While I would never want to invalidate Tessa’s critique of Zip.ca I did want to rise to their defense and say that after you are a subscriber the service is just fantastic. I’ve been a customer for over a year now and just love them. The site is a bit quirky but once you’ve used it a few times you get the hang of it and everything works just as it is supposed to. They’ve been amazing at delivering and collecting information about my DVDs and their shipping status and responsive to customer service requests. And they use e-mail really, well-personalized information about my account when sending regular shipping notifications that my whole family has come to depend on. Still, Tessa’s points are valid.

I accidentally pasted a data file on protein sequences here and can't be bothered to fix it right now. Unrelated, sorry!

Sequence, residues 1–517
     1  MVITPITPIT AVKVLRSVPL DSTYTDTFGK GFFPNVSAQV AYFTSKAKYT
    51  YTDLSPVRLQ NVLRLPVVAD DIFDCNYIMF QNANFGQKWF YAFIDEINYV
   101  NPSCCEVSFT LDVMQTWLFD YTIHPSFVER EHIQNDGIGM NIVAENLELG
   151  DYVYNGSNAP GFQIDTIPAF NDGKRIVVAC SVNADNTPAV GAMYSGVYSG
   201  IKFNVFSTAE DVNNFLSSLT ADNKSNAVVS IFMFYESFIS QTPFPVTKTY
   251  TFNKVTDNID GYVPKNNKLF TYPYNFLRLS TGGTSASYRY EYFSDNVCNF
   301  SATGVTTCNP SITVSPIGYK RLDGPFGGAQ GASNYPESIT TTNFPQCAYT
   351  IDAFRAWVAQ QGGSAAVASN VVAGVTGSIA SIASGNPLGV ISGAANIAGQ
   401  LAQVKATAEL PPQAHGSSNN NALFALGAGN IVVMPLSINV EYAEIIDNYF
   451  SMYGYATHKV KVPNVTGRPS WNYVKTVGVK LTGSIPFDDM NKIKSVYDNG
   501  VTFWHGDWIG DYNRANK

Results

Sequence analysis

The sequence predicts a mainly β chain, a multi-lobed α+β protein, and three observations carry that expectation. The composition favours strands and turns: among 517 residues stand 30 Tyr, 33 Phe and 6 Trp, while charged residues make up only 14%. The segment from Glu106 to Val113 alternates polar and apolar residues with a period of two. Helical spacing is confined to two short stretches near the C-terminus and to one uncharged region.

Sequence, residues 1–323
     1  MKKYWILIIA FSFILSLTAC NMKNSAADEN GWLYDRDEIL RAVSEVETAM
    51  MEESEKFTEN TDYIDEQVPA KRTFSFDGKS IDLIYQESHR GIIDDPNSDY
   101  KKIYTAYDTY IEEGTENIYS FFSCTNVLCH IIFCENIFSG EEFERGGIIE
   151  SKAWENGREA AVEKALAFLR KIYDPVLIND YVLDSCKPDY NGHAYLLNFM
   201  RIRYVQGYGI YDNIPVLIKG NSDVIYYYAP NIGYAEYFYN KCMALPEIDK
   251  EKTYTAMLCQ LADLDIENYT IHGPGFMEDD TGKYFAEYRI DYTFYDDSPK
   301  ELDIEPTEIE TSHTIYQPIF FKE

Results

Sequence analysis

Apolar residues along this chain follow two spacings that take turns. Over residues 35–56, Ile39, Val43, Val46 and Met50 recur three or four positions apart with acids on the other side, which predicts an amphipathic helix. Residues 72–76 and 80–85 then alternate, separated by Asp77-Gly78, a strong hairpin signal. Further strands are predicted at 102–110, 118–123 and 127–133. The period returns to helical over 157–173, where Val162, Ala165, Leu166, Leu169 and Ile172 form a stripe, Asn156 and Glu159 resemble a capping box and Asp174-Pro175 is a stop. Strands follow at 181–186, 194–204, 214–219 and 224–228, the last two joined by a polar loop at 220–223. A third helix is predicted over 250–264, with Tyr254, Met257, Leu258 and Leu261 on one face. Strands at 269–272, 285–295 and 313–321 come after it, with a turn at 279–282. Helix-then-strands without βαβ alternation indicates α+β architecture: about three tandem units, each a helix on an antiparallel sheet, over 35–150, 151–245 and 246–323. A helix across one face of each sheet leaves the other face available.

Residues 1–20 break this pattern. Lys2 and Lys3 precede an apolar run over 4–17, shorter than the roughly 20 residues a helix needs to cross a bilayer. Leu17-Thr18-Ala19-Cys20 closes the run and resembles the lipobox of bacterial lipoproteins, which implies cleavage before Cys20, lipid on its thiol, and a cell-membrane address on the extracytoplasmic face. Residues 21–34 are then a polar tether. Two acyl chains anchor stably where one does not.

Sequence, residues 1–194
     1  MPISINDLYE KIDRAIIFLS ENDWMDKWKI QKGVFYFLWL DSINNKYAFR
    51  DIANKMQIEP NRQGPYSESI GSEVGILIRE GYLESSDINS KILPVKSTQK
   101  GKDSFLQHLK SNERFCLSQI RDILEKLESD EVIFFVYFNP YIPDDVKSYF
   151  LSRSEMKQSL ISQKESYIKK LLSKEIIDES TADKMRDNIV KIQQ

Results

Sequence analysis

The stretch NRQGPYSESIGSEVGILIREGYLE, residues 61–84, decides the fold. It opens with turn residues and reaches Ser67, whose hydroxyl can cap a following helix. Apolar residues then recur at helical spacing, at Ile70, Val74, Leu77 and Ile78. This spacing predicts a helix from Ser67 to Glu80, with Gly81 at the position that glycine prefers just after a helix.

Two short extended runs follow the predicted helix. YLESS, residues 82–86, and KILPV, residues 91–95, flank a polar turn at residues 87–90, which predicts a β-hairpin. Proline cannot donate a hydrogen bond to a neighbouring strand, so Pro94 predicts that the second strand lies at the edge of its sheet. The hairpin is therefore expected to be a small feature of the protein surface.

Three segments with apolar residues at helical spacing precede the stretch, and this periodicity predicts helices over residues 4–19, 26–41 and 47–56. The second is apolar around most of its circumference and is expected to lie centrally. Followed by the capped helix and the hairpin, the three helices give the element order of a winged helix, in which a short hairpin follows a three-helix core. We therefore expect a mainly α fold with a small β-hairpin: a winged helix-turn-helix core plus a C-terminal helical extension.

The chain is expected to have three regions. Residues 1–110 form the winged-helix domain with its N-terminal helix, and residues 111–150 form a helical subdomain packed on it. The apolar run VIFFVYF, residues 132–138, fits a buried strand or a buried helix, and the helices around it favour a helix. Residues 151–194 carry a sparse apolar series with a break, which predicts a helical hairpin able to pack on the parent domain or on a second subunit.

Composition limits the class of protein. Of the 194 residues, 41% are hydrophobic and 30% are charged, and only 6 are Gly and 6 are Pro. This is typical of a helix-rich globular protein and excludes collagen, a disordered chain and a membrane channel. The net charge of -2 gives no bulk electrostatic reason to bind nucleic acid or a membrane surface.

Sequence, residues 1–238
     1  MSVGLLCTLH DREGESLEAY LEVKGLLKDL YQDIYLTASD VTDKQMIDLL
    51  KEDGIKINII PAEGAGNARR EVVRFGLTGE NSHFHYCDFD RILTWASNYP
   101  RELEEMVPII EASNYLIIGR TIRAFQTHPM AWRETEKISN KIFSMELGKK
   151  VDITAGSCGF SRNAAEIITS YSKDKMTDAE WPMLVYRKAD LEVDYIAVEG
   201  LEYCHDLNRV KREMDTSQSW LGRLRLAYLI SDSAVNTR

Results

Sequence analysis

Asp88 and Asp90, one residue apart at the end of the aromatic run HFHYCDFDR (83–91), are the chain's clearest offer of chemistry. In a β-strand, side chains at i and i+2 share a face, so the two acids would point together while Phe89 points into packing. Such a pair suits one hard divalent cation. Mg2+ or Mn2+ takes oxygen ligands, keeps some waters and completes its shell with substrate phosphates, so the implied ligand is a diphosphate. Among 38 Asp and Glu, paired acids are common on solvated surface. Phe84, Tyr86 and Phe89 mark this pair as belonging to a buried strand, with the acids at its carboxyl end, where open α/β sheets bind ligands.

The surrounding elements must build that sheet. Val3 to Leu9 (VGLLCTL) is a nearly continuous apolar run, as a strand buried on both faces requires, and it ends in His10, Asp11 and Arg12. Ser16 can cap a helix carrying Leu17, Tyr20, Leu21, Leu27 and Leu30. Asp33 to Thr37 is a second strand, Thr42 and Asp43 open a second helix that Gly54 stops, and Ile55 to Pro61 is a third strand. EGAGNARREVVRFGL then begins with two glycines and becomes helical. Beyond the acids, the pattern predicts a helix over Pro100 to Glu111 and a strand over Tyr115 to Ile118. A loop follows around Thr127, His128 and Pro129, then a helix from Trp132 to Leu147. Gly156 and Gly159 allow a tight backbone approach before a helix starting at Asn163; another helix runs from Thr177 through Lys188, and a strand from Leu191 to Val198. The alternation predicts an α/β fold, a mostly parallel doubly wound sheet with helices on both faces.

If new users are frustrated during the sign-up process they’ll never get to experience the service. Another issue Zip has is that it is not entirely intuitive to non-users how life-changing DVD subscription services are. I use it as an example of the Net fundamentally changing business models — Zip is so much better than the local video rental place they’re in an entirely different league. But when I’m discussing the concept most people have a ton of questions about how it works, why I signed-up, lots of misconceptions, and a fixation on price and process. I think the same thing holds for other technologies that I consider life-changing — broadband, Macs, PVRs, digital cameras, HDTV, iPods, podcasts, and feeds come immediately to mind. Have you found technologies or online services that “rocked your world” but you still left you unable to make others understand why you were going on about them so passionately?
Originally published at www.onedegree.ca on January 12, 2006.